TEHAMA COUNTY, Calif. - The current drought emergency is causing wells to run dry across the area.
People living in Rancho Tehama said their wells are running dry, as nearby orchards have new commercial wells going in.
"My well's not dry yet, but I fear that day, I genuinely fear that day," said Courtney Fernea, who lives in Rancho Tehama.
Teri Goulart is part of a group coming together in Rancho Tehama venting frustration over drying wells.
"I’m worried about my new well. it's 355 feet, and my first one was 200 and went dry after they finished this new ag well out here," Goulart said
And now, another new agriculture well going in.
"They should be putting a stop to all these wells even if they have permits,” Goulart said. “It takes away our safety, it takes away our health. We need that water to live."
Groundwater commission chairman Clay Parker said since Tehama has an upper and lower aquifer most wells that are going dry are not due to the AG wells.
"The majority of the wells going dry has nothing to do with the AG wells,” Parker said. “The upper goes down to 450, and that's where you are going to find 99% of domestic wells, and anything below 450 is the lower aquifer where the AG wells are getting their water from."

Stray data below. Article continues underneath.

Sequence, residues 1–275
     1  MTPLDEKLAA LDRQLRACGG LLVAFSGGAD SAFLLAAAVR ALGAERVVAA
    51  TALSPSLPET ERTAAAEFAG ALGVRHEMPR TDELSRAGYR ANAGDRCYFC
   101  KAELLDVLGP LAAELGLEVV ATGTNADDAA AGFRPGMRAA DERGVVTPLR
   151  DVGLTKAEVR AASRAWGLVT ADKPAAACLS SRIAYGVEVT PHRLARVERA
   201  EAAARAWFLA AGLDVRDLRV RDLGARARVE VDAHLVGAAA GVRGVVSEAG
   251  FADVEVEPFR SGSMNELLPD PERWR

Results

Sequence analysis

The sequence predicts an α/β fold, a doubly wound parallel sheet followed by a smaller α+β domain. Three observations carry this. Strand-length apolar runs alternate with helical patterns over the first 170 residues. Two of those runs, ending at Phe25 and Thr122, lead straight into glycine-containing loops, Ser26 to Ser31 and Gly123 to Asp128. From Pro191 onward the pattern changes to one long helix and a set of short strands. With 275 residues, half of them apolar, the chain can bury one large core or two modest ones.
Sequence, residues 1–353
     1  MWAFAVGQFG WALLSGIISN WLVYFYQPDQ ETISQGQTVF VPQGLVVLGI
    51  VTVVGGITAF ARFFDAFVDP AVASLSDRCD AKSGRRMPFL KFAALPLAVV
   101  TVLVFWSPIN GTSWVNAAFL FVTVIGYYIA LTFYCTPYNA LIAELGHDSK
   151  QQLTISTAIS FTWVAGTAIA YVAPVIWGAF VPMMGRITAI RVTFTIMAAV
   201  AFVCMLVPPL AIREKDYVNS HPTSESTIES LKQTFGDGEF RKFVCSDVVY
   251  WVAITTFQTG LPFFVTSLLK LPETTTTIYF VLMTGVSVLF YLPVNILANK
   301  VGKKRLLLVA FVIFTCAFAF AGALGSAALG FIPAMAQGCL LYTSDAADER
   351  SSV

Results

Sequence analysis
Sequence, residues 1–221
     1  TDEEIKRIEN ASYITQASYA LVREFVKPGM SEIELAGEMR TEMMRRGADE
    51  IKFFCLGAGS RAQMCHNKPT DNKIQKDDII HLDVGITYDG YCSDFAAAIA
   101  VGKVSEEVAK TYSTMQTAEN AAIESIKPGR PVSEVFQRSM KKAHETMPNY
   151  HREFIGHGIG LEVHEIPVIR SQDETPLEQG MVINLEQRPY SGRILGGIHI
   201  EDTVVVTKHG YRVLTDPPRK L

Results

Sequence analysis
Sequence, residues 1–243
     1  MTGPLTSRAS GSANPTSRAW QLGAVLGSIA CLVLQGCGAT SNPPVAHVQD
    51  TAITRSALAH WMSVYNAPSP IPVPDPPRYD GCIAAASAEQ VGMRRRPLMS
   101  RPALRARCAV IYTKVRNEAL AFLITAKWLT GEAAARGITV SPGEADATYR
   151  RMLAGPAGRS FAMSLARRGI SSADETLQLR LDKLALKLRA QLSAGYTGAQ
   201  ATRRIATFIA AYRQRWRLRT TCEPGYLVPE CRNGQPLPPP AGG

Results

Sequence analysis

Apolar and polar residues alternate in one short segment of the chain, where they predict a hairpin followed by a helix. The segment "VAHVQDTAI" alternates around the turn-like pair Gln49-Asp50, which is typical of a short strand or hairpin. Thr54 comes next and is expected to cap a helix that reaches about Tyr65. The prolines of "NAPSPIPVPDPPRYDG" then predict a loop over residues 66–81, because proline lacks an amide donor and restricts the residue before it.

With no moratorium in place, anyone can apply for a permit to drill a well.
"I can tell you it's going to be months and months before they can get a well driller to do it," Parker said. "They are busy."
One woman leaves out extra buckets of water for her animals just in case her well runs dry.
Farmer Shanna Long said she sympathizes with the people whose domestic wells are running dry.
"When you are in an AG zone and you choose to build, you got to realize crops come first," Long said.
But AG is also feeling the impacts of the drought.
"I just would not like to place blame on one person or one place,” Long said. “I think we all would really like rain, that's what is going to get us through this."
The groundwater commission is working on an ordinance for wells, but Goulart asking for something to be done sooner.
Most of the wells in this community are around 300 feet deep, this well right here is only 150 feet deep and barely clinging on in Rancho Tehama.
The groundwater commission is working to ensure domestic wells are not being impacted by AG wells.
They will be holding a meeting and taking public comments on Tuesday.